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    ABSTRACT: Although the pre-Bötzinger complex (preBötC) was defined as the inspiratory rhythm generator long ago, the functional-anatomical characterization of its neuronal components is still being achieved. Recent advances have identified the expression of molecular markers in the preBötC neurons that, however, are not exclusive to specific respiratory neuron subtypes and have not always been related to specific cell morphologies. Here, we evaluated the morphology and the axonal projections of electrophysiologically defined respiratory neurons in the preBötC using whole-cell recordings and intracellular biocytin labeling. We found that respiratory pacemaker neurons are larger than expiratory neurons and that inspiratory neurons are smaller than pacemaker and expiratory neurons. Other morphological features such as somata shapes or dendritic branching patterns were not found to be significantly different among the preBötC neurons sampled. We also found that both pacemaker and inspiratory nonpacemaker neurons, but not expiratory neurons, show extensive axonal projections to the contralateral preBötC and show signs of electrical coupling. Overall, our data suggest that there are morphological differences between subtypes of preBötC respiratory neurons. It will be important to take such differences in consideration since morphological differences would influence synaptic responses and action potential propagation.
    Full-text · Article · Apr 2014 · Progress in brain research
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    • "We demonstrated that activation of TRPC3 ⁄ 7 by synaptically released SubP signaling improves the respiratory rhythm regularity. These data do not exclude the possible contribution of other neuromodulators that can activate TRPC channels, such as brain-derived neurotrophic factor (BDNF) (Bouvier et al., 2008). Dysregulation of BDNF signaling has been hypothesized to underlie the functional and structural consequences of MeCP2 mutations in Rett syndrome (Amaral et al., 2007). "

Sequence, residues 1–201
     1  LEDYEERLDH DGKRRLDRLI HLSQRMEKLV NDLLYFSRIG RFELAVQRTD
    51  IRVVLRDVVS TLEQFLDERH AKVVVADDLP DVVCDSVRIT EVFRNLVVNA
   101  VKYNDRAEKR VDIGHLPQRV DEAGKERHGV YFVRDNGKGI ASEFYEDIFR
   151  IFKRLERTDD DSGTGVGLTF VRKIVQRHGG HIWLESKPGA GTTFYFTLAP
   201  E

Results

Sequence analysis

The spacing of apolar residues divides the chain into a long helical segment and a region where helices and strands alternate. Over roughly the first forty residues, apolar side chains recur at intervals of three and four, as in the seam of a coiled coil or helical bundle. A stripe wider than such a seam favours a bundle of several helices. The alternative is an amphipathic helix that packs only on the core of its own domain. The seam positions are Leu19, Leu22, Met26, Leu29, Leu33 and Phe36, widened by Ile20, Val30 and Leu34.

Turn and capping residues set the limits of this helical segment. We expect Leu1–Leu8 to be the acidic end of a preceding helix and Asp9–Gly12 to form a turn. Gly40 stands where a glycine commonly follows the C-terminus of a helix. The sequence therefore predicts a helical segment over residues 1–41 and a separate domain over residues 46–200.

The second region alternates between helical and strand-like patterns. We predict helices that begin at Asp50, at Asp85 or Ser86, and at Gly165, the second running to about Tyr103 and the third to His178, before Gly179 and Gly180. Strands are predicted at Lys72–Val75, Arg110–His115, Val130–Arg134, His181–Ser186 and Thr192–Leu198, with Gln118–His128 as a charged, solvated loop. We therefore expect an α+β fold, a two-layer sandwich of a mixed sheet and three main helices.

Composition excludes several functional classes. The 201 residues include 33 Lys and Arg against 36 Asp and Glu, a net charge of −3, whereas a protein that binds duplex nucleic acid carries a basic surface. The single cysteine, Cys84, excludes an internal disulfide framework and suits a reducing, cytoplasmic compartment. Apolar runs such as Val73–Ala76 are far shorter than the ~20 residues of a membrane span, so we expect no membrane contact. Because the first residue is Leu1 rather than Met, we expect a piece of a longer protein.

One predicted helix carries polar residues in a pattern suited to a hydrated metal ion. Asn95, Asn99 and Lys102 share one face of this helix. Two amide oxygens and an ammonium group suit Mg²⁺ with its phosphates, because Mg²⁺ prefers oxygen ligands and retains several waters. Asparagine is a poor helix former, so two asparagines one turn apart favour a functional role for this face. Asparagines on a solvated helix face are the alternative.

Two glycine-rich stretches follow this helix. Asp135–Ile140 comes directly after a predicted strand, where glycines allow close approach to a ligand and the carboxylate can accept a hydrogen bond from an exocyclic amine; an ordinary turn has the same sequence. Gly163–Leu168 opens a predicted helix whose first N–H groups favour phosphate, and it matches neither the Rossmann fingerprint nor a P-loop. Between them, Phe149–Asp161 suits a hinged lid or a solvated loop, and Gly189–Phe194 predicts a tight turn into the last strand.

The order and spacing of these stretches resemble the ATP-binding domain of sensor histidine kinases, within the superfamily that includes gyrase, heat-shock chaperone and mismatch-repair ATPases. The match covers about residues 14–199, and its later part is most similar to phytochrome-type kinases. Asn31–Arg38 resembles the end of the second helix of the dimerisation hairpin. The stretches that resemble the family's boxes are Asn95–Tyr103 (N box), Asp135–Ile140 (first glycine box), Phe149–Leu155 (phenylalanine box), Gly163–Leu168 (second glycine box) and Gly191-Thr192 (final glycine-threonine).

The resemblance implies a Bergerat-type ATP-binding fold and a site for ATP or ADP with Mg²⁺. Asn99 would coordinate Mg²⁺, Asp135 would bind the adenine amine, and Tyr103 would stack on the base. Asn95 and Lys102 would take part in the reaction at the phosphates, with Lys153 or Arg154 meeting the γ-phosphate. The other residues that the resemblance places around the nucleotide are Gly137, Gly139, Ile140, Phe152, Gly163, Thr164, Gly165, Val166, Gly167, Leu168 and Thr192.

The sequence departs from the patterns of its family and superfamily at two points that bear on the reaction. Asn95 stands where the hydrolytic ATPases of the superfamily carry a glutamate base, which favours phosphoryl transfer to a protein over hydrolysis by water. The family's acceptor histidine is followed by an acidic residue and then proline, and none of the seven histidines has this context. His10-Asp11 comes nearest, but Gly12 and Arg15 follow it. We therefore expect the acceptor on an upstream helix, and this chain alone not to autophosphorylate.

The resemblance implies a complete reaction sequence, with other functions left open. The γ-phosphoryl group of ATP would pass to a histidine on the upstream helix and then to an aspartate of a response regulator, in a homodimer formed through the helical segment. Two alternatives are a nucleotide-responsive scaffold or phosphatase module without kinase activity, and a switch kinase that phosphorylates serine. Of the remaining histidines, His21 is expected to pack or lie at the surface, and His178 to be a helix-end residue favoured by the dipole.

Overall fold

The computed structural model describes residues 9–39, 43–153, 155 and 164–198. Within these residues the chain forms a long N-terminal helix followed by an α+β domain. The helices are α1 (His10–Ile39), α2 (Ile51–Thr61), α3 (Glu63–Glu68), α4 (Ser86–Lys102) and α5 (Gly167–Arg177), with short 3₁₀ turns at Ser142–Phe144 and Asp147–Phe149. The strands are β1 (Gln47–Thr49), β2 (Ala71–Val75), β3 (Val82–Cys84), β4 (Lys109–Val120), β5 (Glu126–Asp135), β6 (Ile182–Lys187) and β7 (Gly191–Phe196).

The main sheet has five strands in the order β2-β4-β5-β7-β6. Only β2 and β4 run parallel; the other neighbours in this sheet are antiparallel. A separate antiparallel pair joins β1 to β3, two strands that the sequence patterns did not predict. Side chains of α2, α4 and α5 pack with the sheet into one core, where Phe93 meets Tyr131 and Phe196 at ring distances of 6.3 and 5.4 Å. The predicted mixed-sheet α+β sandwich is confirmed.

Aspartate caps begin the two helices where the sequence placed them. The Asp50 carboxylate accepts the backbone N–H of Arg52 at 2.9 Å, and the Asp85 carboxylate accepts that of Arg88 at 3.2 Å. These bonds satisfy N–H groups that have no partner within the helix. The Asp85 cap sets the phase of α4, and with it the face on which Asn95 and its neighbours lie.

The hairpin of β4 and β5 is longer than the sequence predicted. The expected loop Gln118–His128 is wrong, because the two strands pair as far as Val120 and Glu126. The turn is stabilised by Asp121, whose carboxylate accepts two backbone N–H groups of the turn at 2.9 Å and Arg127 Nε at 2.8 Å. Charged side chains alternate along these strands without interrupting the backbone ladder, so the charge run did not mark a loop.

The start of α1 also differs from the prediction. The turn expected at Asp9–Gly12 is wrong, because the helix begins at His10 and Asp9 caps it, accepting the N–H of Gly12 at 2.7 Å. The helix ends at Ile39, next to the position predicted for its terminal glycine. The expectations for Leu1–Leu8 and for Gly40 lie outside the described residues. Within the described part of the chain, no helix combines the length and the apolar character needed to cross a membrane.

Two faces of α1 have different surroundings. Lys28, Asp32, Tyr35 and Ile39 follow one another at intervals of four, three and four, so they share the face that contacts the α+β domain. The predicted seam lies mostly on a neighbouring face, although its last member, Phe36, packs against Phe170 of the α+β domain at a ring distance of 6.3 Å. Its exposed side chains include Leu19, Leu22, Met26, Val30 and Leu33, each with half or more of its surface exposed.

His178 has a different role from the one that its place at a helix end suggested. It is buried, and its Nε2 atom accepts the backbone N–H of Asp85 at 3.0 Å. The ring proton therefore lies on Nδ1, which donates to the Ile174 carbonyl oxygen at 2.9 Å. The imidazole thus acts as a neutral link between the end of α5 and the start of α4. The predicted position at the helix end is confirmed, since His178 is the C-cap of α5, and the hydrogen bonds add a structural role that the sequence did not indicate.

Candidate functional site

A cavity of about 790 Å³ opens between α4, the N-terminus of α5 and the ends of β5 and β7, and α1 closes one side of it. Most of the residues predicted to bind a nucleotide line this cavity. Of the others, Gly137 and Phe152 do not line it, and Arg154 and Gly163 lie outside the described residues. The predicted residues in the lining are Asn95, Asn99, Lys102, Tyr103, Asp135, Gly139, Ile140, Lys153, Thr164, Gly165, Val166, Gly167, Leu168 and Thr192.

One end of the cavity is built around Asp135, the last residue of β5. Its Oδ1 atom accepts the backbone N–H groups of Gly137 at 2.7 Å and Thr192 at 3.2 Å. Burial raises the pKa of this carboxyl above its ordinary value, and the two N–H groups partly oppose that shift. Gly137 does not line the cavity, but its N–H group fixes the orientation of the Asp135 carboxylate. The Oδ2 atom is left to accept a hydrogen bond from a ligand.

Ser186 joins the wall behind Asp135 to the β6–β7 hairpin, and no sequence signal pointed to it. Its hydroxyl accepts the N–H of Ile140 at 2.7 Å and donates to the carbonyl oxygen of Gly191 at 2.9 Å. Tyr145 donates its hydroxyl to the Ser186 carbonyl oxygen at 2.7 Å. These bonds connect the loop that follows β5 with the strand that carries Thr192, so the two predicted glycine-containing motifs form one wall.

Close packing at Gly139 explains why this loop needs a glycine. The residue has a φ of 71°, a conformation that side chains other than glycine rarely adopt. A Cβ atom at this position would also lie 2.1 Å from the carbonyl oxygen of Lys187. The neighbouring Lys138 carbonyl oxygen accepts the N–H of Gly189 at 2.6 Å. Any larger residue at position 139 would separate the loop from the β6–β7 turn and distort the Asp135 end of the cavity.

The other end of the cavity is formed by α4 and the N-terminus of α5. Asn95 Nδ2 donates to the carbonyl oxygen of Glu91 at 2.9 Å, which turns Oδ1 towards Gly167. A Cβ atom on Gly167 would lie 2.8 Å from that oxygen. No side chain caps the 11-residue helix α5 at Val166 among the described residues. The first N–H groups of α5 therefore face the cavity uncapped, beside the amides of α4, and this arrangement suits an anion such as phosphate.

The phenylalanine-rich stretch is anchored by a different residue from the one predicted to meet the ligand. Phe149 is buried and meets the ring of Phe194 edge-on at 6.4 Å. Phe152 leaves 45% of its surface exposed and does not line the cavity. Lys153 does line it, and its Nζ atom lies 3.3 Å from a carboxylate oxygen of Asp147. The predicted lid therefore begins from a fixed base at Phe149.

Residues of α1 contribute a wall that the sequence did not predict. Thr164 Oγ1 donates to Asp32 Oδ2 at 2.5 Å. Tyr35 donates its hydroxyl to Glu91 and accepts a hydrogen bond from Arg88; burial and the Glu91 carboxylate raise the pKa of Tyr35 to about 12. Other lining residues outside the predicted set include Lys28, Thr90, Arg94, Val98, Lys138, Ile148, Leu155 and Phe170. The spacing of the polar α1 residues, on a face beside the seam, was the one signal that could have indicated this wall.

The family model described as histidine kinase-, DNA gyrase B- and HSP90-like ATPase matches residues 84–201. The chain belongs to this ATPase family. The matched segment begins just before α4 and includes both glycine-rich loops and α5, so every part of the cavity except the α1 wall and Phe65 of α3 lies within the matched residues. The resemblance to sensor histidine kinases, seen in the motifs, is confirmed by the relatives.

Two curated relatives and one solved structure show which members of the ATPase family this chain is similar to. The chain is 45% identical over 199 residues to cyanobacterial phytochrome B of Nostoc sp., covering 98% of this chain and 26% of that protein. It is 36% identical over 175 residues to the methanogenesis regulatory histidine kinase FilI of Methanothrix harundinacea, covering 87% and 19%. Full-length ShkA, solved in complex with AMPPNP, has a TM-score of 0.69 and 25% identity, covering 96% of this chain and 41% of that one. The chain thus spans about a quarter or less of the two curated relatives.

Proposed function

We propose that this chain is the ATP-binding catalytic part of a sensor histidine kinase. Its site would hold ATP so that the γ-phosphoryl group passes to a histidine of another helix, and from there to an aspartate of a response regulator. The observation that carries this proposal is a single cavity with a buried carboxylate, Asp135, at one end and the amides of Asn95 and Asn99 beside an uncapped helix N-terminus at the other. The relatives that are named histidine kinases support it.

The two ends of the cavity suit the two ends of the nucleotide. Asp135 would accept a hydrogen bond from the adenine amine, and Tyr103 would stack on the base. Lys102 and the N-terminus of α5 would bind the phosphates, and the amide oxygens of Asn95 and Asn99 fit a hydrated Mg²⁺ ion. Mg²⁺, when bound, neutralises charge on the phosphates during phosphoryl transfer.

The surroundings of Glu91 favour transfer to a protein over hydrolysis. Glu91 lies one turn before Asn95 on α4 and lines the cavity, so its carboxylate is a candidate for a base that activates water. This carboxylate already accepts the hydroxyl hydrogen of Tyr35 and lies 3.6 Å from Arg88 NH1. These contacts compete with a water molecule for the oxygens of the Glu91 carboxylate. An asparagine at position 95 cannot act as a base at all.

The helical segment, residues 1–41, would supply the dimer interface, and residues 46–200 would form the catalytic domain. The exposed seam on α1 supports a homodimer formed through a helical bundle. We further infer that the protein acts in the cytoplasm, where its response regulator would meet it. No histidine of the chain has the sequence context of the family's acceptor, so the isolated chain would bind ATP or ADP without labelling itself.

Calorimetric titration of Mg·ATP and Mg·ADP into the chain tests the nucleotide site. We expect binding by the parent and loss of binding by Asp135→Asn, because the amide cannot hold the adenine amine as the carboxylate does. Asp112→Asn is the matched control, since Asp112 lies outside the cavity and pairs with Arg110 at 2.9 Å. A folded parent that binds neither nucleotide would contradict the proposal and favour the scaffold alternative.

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    ABSTRACT: Neuromodulators, such as substance P (SubP), play an important role in modulating many rhythmic activities driven by central pattern generators (e.g. locomotion, respiration). However, the mechanism by which SubP enhances breathing regularity has not been determined. Here, we used mouse brainstem slices containing the pre-Bötzinger complex to demonstrate, for the first time, that SubP activates transient receptor protein canonical (TRPC) channels to enhance respiratory rhythm regularity. Moreover, SubP enhancement of network regularity is accomplished via selective enhancement of ICAN (inward non-specific cation current)-dependent intrinsic bursting properties. In contrast to INaP (persistent sodium current)-dependent pacemakers, ICAN-dependent pacemaker bursting activity is TRPC-dependent. Western Blots reveal TRPC3 and TRPC7 channels are expressed in rhythmically active ventral respiratory group island preparations. Taken together, these data suggest that SubP-mediated activation of TRPC3/7 channels underlies rhythmic ICAN-dependent pacemaker activity and enhances the regularity of respiratory rhythm activity.